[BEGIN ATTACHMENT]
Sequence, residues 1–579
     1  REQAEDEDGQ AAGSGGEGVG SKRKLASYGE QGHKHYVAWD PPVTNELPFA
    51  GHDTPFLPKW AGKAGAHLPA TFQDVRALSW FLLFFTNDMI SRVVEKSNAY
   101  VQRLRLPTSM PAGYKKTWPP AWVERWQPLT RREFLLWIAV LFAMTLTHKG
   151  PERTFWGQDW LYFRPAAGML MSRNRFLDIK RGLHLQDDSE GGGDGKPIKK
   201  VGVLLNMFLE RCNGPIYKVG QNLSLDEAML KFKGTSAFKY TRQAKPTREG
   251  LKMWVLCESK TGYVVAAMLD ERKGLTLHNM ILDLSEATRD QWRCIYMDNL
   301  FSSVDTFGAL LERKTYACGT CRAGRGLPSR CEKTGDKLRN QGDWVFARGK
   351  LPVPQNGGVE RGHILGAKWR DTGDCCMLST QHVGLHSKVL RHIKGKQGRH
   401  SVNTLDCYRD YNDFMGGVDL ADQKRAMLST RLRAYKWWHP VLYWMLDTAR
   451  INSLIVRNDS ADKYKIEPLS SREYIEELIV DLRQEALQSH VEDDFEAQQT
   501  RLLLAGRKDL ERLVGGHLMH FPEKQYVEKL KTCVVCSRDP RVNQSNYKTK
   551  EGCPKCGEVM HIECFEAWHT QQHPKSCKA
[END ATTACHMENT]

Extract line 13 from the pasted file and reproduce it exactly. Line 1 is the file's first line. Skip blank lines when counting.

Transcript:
   551  EGCPKCGEVM HIECFEAWHT QQHPKSCKA